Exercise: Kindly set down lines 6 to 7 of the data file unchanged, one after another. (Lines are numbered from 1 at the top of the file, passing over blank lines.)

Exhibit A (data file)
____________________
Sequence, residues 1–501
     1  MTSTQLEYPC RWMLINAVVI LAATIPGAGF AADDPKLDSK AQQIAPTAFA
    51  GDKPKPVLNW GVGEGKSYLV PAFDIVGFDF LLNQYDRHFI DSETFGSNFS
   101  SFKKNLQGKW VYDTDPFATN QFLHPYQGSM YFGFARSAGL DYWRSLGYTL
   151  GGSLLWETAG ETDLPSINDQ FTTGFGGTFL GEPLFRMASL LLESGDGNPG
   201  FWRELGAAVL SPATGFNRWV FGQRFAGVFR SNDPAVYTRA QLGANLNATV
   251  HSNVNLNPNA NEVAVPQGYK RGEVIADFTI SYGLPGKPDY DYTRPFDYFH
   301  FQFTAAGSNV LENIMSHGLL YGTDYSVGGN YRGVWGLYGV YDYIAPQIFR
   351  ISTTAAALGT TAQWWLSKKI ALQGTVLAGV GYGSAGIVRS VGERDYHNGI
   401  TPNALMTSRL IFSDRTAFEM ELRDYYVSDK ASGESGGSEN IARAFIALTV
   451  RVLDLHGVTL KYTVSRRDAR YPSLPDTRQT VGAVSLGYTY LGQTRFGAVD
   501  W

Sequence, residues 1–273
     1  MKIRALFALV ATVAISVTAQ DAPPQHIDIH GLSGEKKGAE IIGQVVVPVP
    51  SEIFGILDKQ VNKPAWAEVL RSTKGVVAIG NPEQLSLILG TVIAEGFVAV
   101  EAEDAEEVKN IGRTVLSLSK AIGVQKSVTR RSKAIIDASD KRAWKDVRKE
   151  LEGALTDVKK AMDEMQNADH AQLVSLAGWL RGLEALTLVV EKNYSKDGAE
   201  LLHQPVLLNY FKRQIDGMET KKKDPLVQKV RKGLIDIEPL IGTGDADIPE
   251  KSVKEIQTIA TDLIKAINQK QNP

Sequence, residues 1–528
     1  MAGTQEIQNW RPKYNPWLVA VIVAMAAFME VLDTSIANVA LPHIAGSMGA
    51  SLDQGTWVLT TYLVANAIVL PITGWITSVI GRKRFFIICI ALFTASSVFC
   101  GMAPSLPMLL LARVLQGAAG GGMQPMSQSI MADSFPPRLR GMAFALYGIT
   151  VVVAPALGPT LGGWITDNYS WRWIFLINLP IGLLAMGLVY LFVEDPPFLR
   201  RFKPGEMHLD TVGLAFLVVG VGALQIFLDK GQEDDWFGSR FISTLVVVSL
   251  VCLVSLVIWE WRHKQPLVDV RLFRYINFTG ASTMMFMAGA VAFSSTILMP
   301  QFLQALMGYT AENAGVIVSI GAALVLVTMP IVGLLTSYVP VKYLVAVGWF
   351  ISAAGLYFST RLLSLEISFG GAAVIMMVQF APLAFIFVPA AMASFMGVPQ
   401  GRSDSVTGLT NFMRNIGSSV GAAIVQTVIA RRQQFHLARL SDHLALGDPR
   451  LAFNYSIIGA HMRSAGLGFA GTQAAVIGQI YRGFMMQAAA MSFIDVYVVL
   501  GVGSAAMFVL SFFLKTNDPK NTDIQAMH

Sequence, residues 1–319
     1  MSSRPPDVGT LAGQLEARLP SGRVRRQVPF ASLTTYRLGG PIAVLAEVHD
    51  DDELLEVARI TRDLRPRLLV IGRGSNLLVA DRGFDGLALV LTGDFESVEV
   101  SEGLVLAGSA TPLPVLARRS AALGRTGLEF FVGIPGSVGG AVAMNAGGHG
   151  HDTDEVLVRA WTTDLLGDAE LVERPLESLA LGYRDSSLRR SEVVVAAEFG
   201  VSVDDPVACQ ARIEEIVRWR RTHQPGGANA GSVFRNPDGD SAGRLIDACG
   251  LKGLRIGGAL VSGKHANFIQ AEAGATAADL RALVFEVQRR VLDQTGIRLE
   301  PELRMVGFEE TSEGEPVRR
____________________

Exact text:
   201  FWRELGAAVL SPATGFNRWV FGQRFAGVFR SNDPAVYTRA QLGANLNATV
   251  HSNVNLNPNA NEVAVPQGYK RGEVIADFTI SYGLPGKPDY DYTRPFDYFH